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What makes Java difficult

Johannes de Jong
tumbleweed
Bartender

Joined: Jan 27, 2001
Posts: 5089
Hi all,
With procedural type languages all you have to learn is the syntax of a language its basic types and hey you call yourself a programmer.
The advanced "stuff" involves learning/knowing how to improve you code ie. making it more effcient. Thats about it. Hey dont attack me on this "very simplistic" view on advanced programming ala procedural languages, I dont have a week to type a full essay.

With Java however. To write good "advanced" code you REALLY have to know the "environment" you are programming in.
You need to know :-
OO - and REALLY understand it.
Java JDK - its API classes, when to use what.
Java Doc
The Java Language Syntax
And if you want to program using/for the "web"
- HTML
- EJB
- JSP
- XML
Am I forgetting something ???
Frank Carver
Sheriff

Joined: Jan 07, 1999
Posts: 6920
I don't really think the issue is so much about the difference between procedural and OO languages as much as the complexity of the standard APIs. Java can be very daunting to learn because it appears as if you have to learn and memorize everything about a huge amount of standard APIs (and probably lots of extensions) before you start.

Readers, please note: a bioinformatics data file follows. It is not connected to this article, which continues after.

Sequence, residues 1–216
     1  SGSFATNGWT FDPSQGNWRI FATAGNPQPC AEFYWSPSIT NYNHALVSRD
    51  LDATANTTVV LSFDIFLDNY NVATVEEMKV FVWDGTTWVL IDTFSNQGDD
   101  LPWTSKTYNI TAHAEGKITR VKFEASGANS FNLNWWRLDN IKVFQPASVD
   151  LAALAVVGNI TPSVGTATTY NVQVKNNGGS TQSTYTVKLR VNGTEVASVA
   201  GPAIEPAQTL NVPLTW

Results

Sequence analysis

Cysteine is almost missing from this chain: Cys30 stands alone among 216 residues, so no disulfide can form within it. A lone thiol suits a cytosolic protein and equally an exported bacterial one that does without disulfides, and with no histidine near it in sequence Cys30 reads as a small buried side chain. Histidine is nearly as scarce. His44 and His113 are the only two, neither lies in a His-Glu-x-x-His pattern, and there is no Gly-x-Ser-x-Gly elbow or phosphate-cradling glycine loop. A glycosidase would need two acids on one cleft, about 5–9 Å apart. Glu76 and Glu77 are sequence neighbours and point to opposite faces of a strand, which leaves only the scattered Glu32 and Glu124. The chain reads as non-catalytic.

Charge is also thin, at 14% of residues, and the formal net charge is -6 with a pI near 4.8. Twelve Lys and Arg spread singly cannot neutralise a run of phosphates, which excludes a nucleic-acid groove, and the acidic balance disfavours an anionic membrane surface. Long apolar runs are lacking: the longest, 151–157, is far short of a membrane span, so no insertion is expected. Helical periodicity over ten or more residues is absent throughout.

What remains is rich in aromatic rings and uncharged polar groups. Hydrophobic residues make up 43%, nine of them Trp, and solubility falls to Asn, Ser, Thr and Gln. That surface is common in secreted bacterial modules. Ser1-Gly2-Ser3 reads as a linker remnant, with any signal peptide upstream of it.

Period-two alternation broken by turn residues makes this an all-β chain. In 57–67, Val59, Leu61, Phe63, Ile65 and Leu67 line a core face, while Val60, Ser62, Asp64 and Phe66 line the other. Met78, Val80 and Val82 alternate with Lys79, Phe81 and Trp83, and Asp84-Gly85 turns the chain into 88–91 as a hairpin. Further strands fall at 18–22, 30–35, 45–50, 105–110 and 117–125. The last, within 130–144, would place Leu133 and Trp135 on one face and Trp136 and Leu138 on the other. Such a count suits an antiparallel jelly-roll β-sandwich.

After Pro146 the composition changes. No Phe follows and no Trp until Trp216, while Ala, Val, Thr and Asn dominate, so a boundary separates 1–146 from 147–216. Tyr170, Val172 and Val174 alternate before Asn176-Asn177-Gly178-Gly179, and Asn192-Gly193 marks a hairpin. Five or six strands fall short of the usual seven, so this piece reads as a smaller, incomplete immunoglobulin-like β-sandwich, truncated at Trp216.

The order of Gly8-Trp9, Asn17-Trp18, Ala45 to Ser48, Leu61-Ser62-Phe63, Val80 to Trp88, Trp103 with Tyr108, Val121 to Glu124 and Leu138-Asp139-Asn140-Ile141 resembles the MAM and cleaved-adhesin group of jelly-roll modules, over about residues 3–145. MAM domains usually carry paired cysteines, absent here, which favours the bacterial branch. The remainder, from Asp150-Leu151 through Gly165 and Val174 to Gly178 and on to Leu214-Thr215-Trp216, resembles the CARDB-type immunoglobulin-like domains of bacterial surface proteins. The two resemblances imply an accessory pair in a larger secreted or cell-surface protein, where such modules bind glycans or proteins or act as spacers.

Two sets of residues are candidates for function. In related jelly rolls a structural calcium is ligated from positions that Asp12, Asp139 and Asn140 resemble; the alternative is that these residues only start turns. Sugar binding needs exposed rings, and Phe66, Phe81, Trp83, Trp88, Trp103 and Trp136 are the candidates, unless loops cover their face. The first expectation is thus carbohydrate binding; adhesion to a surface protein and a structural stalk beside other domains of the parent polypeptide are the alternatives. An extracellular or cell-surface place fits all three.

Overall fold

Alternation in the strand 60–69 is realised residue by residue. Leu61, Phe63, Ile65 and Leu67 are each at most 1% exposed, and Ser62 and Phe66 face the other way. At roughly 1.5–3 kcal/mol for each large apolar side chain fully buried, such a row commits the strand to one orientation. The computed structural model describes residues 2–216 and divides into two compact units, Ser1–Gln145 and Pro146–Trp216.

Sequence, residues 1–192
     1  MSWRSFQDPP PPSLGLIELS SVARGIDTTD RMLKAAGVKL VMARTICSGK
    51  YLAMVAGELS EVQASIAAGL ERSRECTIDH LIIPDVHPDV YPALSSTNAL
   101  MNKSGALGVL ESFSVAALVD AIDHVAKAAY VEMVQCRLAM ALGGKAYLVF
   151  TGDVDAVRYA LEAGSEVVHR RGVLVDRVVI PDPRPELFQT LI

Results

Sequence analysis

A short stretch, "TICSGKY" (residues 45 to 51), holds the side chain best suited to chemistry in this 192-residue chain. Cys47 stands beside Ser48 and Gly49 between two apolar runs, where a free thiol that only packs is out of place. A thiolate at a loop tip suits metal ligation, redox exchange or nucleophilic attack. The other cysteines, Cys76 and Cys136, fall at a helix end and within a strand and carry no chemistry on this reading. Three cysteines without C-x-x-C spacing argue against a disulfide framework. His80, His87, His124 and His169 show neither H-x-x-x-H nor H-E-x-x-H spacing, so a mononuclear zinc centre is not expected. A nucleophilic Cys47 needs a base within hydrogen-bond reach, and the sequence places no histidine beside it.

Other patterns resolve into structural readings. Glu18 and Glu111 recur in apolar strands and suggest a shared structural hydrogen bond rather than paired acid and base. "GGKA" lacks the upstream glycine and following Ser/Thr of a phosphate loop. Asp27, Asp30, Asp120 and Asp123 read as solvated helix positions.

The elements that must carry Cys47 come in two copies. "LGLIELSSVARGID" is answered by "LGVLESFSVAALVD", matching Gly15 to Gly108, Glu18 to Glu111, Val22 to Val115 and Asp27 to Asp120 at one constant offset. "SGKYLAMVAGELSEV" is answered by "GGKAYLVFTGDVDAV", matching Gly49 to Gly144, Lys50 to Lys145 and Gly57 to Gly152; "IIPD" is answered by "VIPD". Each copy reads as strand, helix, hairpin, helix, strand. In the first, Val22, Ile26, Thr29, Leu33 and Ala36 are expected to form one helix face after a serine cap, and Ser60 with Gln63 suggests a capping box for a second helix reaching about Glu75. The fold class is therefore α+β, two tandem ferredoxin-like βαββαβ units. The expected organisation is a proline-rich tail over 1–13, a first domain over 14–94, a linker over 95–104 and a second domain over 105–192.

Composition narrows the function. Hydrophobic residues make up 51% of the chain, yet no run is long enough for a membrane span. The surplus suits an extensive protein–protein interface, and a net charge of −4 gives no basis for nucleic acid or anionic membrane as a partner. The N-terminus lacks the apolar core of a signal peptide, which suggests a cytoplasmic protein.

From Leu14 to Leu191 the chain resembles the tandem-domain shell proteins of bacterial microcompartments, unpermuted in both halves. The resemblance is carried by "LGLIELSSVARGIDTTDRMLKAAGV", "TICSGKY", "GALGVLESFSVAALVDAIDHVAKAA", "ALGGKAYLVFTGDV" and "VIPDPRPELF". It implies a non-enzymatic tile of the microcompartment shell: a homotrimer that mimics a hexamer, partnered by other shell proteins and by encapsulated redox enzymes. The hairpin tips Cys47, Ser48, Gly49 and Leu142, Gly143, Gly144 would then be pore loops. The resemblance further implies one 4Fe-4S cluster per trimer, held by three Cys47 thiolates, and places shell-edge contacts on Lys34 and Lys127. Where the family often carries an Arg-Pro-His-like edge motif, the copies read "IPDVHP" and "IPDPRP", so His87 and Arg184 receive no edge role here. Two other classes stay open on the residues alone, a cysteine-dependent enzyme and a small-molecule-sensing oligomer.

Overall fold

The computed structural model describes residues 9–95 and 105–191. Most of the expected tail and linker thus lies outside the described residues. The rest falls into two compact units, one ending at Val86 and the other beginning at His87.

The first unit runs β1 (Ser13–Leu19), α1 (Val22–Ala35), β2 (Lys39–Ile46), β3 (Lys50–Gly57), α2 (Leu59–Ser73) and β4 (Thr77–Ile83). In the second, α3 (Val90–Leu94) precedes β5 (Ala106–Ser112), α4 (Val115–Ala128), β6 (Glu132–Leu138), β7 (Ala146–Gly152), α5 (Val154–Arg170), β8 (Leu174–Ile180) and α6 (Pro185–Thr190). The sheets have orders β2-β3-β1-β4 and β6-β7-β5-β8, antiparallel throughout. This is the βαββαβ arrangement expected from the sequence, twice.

In practice the Java language itself is not much more complex than a typical procedural language. It does have objects but it doesn't have a separate linker; it has packages but you don't need to manage your own memory; and so on and so on.


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Johannes de Jong
tumbleweed
Bartender

Joined: Jan 27, 2001
Posts: 5089
But dont you think that using OO correctly also adds a massive burden on the learning proccess ?.
Frank Carver
Sheriff

Joined: Jan 07, 1999
Posts: 6920
No more than using a procedural language correctly. In many ways, makeing robust, maintainable, reusable code is harder in a procedural language. In Java and Smalltalk, for example, you don't really have to learn not to use global variables; you don't need to worry about accidentally naming two functions the same in different files; and so on.
Johannes de Jong
tumbleweed
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Joined: Jan 27, 2001
Posts: 5089
Maybe its my lack of experience with OO that makes it seem harder, or I've always been a bad procedural programmer anyway.
But when would you say can one define youself as an "advanced" Java programmer. Would completing the assignments at the Cattle Drive give one a "hint" of hey I'm getting there?, or getting your SCJP.
Frank Carver
Sheriff

Joined: Jan 07, 1999
Posts: 6920